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Why do requirements interviews never pan out as they are planned - and how do I prepare for that? I'm looking for the following kind of help regarding how to prepare for these interviews and what I can pay attention to in order to make the most of them.

My information project, centered around management reporting within a firm, is currently in it's definition stage. All my stakeholders are managers of greater or lesser scope.

I had my previous two interviews planned out quite extensively, but on both occasions my interviewees both went off in completely different tangents, delivering quite interesting results. I completely ignored the question flow I had prepared, and tried to go along with the interviewees. But instead of going towards a common concept that can be developed on, I feel that I get in-depth pictures of each individual's local information requirements.

How can I conduct an interview that helps me get the participants on board and thinking towards a common solution, but doesn't inhibit their own thoughts which deliver me interesting material on data sources, formatting and communication paths?

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This question seems a bit open ended, perhaps you could try detailing a specific problem and asking how to avoid it, otherwise it's likely to be closed as a poor fit for the Q&A format of this site. –  Jimmy Hoffa Mar 13 '13 at 14:32
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I removed a bullet point about pointers to resources - Stack Exchange is not a good format for people to simply provide resources, but their experiences and knowledge in combination with any resources that may be able to help you solve your particular problem. –  Thomas Owens Mar 13 '13 at 15:06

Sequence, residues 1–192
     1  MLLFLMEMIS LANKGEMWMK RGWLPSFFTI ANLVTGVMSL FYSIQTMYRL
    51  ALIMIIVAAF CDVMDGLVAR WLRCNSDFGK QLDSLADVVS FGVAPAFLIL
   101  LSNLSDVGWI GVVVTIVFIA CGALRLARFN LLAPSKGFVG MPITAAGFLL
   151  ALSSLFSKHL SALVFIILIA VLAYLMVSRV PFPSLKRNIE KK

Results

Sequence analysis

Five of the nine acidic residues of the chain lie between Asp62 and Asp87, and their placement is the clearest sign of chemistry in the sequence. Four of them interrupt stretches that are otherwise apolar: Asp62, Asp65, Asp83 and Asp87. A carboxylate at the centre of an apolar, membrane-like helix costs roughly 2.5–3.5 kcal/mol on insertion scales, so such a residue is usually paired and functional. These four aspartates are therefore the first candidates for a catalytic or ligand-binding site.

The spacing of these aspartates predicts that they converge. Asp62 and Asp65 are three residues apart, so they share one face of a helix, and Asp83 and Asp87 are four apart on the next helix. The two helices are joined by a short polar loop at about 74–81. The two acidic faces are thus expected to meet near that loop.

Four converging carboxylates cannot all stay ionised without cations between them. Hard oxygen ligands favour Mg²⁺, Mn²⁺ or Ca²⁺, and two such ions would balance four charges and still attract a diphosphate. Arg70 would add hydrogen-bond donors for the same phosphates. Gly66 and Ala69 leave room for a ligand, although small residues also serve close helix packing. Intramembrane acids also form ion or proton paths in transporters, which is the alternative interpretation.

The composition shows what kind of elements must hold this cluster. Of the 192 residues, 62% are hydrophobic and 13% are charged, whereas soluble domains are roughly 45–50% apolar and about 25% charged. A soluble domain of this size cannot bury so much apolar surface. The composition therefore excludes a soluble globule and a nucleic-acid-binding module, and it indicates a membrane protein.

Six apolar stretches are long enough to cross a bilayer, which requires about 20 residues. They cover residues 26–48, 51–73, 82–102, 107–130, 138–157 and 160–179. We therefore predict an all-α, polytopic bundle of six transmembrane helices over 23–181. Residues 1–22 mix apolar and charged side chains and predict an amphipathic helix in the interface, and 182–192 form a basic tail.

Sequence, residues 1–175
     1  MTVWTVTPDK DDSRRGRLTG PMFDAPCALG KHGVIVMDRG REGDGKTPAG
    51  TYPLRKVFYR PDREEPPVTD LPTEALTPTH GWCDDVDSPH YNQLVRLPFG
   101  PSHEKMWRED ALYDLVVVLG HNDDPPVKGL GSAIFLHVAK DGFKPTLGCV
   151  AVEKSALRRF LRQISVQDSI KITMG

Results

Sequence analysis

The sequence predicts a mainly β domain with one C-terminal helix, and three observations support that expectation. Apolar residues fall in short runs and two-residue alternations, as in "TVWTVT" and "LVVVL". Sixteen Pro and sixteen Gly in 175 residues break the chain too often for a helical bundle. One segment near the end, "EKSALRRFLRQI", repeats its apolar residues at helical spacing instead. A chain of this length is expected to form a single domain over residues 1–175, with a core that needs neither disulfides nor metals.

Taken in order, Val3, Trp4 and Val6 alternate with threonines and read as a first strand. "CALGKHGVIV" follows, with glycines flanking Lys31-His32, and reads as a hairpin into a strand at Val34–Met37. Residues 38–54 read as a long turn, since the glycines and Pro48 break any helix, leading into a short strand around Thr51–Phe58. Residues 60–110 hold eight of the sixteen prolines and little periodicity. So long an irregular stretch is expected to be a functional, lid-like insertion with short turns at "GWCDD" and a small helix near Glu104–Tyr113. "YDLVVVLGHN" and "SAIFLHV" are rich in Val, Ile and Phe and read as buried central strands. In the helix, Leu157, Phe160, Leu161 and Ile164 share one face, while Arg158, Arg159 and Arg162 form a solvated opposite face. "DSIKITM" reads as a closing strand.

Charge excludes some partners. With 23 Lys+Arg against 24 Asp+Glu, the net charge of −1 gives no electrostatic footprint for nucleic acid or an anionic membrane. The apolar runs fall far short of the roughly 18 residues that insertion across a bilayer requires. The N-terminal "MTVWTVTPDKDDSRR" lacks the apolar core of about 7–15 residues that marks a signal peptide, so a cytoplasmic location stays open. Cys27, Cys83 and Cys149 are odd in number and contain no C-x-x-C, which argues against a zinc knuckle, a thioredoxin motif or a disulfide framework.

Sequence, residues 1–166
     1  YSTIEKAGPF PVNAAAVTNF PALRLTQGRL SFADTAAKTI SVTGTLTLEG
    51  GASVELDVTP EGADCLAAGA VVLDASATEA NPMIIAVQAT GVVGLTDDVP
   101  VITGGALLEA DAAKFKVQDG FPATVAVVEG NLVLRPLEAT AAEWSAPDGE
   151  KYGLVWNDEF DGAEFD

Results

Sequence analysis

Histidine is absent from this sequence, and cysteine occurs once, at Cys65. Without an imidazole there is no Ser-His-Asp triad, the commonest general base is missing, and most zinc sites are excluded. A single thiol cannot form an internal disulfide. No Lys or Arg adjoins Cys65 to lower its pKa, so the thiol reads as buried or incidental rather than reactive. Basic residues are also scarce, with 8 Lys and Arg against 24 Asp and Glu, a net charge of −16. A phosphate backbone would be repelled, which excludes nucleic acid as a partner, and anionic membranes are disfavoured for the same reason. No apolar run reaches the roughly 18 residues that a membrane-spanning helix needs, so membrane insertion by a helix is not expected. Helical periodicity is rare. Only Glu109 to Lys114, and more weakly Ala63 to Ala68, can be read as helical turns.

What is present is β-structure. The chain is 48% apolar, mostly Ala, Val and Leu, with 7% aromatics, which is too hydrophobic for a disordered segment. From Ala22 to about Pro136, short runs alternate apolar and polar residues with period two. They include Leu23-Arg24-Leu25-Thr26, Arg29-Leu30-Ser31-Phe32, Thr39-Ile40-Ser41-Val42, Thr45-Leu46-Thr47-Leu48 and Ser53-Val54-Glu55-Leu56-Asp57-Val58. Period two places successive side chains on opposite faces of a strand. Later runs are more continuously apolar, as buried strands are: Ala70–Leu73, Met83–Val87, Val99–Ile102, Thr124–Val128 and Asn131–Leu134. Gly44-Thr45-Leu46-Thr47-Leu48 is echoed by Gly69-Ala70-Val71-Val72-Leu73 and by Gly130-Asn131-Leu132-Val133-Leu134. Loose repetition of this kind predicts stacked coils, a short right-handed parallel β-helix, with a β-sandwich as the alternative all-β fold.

I can agree that the question is about an expansive topic, but that's precisely the point. Requirements analysis is a key part of information-systems development, that is riddled with pot holes. I'm looking for help in articulating a question flow for an interview, that can help me direct the stakeholder I am interviewing towards a common solution, but also allows them to express individual thoughts and really dig into their personal requiremens. –  Rafael Cichocki Mar 13 '13 at 15:22
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@RafaelCichocki the edit you added is requesting a list of Questions which is a poll, polls don't have a single correct answer and are not in scope for any stackexchange site. –  Jimmy Hoffa Mar 13 '13 at 15:28
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@JimmyHoffa reverted to previous formulation. No more request for poll. –  Rafael Cichocki Mar 13 '13 at 15:51

1 Answer 1

up vote 3 down vote accepted

I've found requirements gathering to go most smoothly when done in three stages:

  1. Get together to let the stakeholders talk only about the problem. You want to gather as much information as possible about what the problem is with the current way they are doing things, only talking about potential solutions if it helps frame the problem better. They need to get it off their chest anyway, and attempting to keep stakeholders from talking about the problem is usually futile, so you may as well plan for it. Also, non-programmers find it easier to talk in these terms, so you get a better idea of the requirements if you welcome this part of the discussion.
  2. Either yourself or in a smaller, more technical group, you translate the problem statement into some rough drafts of possible solutions, creating more than one option if necessary.
  3. Get back together with the stakeholders to let them poke holes in the proposed solutions. Make it clear how you've taken their problem description into account. Refine the requirements together until everyone is happy, which might take more than one meeting. Again, non-programmers find it easier to discuss a concrete proposal than to imagine potential abstract solutions.

Usually when people have problems, it's because they're trying to skip step 1 and cram steps 2 and 3 into the same meeting.

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Thanks, perhaps a good point in separating problem identification and solution from the stakeholder point of view. I'll have to think about it. –  Rafael Cichocki Mar 13 '13 at 17:53

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